3 As petitioner notes (Pet. 15), Heuer and Whitehead expressed different understandings of the nature of the administrative process involved in determining whether or not to issue a CLN, at least in express renunciation cases. Compare Heuer, 20 F.3d at 427-428, with Whitehead, 794 F.2d at 118. The issue in both cases was whether the issuance of a CLN constituted a "denial" of a "right or privilege as a national of the United States" for purposes of the limitation provision applicable to actions to establish nationality under 8 U.S.C. 1503(a) (1994 & Supp. IV 1998). Whitehead characterized the administrative function in express renunciation cases as merely ministerial, and concluded that the issuance of a CLN in such a case did not start the running of the limitation period. Heuer characterized the administrative process as a substantive one, and held that the period of limitation did begin to run when a CLN was issued. Congress ultimately resolved that conflict by amending Section 1501 to specify that approval of a CLN by the Secretary of State "shall constitute a final administrative determination of loss of United States nationality * * * and also shall constitute a denial of a right or privilege of United States nationality for purposes of section 1503." 8 U.S.C. 1501, as amended by the Immigration and Nationality Technical Corrections Act of 1994, Pub. L. No. 103-416, Tit. I, § 106, 108 Stat. 4309; see also Br. for the Resp. in Opp. at 6-7, Heuer v. United States Secretary of State, supra (No. 94-161). (We will provide petitioner with a copy of our brief in opposition in Heuer.)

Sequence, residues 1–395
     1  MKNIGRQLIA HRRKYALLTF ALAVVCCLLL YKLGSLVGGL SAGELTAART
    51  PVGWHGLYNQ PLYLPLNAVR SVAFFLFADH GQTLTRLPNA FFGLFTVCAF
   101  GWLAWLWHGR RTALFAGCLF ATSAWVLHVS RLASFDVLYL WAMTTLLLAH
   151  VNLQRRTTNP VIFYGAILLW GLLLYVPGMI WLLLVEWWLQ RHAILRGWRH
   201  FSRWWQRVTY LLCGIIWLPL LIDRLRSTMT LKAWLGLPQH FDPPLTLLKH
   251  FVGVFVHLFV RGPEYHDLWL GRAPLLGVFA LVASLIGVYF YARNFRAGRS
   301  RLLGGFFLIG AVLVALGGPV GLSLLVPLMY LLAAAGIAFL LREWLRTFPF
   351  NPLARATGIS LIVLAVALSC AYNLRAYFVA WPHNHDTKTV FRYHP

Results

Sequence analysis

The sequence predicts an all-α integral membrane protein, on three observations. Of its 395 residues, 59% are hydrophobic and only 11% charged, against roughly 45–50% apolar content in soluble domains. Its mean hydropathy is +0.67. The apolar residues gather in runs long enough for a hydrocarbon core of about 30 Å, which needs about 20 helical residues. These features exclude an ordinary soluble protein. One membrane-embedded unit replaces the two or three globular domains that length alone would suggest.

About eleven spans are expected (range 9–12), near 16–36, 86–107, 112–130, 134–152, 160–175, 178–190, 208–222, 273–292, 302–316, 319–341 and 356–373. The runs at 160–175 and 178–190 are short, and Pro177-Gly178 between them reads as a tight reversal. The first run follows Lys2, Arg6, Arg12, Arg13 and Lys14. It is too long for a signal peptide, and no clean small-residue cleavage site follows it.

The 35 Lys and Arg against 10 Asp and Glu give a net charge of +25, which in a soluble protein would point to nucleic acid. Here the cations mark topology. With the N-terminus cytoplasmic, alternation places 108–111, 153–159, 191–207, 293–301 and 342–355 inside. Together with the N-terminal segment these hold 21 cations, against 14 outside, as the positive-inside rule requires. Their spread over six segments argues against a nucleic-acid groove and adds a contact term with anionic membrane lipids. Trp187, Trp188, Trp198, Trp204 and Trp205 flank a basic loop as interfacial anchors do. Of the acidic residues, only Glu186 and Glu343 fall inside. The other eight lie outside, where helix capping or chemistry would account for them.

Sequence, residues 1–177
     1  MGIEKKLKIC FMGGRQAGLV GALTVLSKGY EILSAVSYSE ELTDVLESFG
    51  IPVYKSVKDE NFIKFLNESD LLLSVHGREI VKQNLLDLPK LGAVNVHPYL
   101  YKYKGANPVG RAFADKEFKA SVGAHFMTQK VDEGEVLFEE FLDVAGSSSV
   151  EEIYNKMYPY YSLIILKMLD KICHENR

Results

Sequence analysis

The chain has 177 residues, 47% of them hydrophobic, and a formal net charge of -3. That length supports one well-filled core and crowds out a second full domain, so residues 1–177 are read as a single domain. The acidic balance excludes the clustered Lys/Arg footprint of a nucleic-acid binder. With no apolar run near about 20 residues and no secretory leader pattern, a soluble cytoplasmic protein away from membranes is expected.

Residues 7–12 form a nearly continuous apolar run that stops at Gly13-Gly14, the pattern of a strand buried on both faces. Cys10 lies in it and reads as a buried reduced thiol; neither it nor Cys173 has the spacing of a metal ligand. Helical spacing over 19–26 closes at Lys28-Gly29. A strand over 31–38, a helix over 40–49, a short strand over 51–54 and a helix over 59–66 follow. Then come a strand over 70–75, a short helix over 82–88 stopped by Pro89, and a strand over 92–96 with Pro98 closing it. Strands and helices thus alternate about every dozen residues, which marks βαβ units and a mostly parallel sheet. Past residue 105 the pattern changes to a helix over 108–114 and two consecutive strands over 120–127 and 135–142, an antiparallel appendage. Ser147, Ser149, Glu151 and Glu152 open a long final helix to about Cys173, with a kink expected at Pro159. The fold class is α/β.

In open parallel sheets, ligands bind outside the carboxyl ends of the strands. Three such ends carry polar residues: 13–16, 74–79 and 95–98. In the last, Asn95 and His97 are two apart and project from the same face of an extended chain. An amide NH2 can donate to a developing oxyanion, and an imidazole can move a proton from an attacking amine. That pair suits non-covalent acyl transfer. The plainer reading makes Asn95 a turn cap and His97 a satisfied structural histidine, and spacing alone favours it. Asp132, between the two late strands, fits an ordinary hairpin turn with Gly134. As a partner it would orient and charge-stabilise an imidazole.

4 We note that there is no obvious reason why a judicial forum would be available to consider petitioner's contentions so long as the Secretary's determination to continue regarding him as a citizen has only consequences that would normally be regarded as benefits, rather than burdens, to petitioner (such as recognition of his right to vote in national elections, or to live and work in Puerto Rico without having been documented as a resident alien under the INA). Should the United States seek to compel petitioner's performance of some affirmative duty to which only citizens are liable, such as serving on a jury, then presumably petitioner could seek to establish, as an affirmative defense to enforcement of that duty, that his 1996 renunciation of citizenship was effective under the Constitution and the INA, notwithstanding the Secretary's determination to the contrary. Cf. 8 U.S.C. 1481(b) (imposing burden of proof on any loss-of-nationality claim on the party who claims that loss took place).